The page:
Acts 5:34 Parallel Verses [⇓ See commentary ⇓]

Acts 5:34, NIV: But a Pharisee named Gamaliel, a teacher of the law, who was honored by all the people, stood up in the Sanhedrin and ordered that the men be put outside for a little while.

Acts 5:34, ESV: But a Pharisee in the council named Gamaliel, a teacher of the law held in honor by all the people, stood up and gave orders to put the men outside for a little while.

Acts 5:34, KJV: Then stood there up one in the council, a Pharisee, named Gamaliel, a doctor of the law, had in reputation among all the people, and commanded to put the apostles forth a little space;

Acts 5:34, NASB: But a Pharisee named Gamaliel, a teacher of the Law, respected by all the people, stood up in the Council and gave orders to put the men outside for a short time.

Acts 5:34, NLT: But one member, a Pharisee named Gamaliel, who was an expert in religious law and respected by all the people, stood up and ordered that the men be sent outside the council chamber for a while.

Acts 5:34, CSB: But a Pharisee named Gamaliel, a teacher of the law who was respected by all the people, stood up in the Sanhedrin and ordered the men to be taken outside for a little while.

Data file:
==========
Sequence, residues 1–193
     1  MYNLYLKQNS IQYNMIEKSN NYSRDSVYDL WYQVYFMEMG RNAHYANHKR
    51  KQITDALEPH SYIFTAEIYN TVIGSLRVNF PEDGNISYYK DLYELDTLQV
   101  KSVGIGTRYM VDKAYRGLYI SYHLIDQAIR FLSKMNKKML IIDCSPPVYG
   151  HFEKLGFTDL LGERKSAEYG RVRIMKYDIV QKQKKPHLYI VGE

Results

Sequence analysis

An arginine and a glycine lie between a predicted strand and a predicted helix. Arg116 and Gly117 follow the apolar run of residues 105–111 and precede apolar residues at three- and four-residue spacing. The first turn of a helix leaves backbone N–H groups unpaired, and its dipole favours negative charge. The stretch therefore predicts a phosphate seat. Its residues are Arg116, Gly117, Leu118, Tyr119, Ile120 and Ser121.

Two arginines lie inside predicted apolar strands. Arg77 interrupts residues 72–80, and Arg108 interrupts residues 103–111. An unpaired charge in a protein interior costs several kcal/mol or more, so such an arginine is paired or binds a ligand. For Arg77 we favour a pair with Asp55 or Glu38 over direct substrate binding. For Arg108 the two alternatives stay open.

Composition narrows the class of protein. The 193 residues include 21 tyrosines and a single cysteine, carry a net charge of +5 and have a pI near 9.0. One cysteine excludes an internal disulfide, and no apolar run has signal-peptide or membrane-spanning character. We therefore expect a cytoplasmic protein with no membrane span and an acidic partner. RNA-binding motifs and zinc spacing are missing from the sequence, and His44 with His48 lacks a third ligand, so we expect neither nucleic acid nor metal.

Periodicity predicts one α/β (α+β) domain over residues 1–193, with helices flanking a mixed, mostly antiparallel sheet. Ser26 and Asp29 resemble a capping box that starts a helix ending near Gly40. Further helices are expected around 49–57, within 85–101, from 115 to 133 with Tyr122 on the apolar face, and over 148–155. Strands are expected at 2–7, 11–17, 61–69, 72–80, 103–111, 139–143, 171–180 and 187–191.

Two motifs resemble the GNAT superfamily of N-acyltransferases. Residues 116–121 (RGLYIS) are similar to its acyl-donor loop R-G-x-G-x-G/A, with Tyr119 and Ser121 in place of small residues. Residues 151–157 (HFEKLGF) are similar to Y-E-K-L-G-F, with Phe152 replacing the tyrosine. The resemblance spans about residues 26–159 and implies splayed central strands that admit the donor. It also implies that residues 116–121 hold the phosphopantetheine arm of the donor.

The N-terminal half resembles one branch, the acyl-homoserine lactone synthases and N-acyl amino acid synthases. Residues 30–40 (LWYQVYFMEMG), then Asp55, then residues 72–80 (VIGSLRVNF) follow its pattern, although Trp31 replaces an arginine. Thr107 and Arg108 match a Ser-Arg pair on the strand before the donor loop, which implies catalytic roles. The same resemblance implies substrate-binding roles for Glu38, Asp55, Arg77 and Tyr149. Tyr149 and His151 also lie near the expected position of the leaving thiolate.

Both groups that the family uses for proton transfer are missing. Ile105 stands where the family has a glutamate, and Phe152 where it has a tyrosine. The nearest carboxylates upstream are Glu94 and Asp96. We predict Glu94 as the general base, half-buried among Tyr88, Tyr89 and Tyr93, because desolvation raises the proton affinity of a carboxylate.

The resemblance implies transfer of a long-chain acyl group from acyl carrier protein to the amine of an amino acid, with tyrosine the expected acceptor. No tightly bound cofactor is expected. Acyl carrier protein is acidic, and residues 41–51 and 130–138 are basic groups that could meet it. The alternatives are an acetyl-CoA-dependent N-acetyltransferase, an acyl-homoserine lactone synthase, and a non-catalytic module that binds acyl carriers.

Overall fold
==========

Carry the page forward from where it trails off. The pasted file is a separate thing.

What does Acts 5:34 mean? [⇑ See verse text ⇑]

The Sanhedrin, the Jewish ruling council, is usually described as containing three different classes, from two different sects. The chief priests and elders were generally Sadducees. The scribes were Sadducees or Pharisees.

Sadducees were already predisposed against the apostles, because followers of Christ teach that God raised Jesus from the dead. The Sadducees did not believe resurrection from the dead was possible: they held to the ancient equivalent of annihilationism. In their view, if and when God restores and blesses Israel, only those alive at the time will reap the rewards. Until then, Sadducees were happy to make the best life they could, accumulating influence and money in the present.

The Pharisees, however, believed in the resurrection from the dead. Although Pharisees were a minority in the Sanhedrin, one of the most respected scribes in Israel of any sect was the Pharisee Gamaliel. In fact, one commentary on the Talmud says, "When Rabban Gamaliel the elder died, the glory of the law ceased and purity and abstinence died." When Paul gives his defense and wants to emphasize the depth of his Jewish knowledge, he mentions he studied under Gamaliel (Acts 22:3).

Thus it is that Gamaliel can afford to be a little calmer and more objective about the situation, despite Peter's wild claims that Jesus is the Leader and Savior of the Jews and sits at God's right hand (Acts 5:31). Even so, extra-biblical writings affirm that Gamaliel believed Christians were apostates and should perish. He's not remotely friendly to Christians, but he is more measured in his approach.